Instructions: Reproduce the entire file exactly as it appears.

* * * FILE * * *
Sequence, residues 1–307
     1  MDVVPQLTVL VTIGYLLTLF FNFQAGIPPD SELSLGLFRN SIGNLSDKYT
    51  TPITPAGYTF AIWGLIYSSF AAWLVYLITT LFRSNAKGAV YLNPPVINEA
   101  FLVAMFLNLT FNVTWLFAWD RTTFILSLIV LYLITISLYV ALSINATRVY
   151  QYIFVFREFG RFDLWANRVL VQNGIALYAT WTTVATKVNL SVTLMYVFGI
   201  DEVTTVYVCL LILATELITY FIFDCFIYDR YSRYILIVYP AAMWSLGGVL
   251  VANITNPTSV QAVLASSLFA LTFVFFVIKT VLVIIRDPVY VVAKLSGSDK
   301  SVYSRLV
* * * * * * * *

Sequence, residues 1–307
     1  MDVVPQLTVL VTIGYLLTLF FNFQAGIPPD SELSLGLFRN SIGNLSDKYT
    51  TPITPAGYTF AIWGLIYSSF AAWLVYLITT LFRSNAKGAV YLNPPVINEA
   101  FLVAMFLNLT FNVTWLFAWD RTTFILSLIV LYLITISLYV ALSINATRVY
   151  QYIFVFREFG RFDLWANRVL VQNGIALYAT WTTVATKVNL SVTLMYVFGI
   201  DEVTTVYVCL LILATELITY FIFDCFIYDR YSRYILIVYP AAMWSLGGVL
   251  VANITNPTSV QAVLASSLFA LTFVFFVIKT VLVIIRDPVY VVAKLSGSDK
   301  SVYSRLV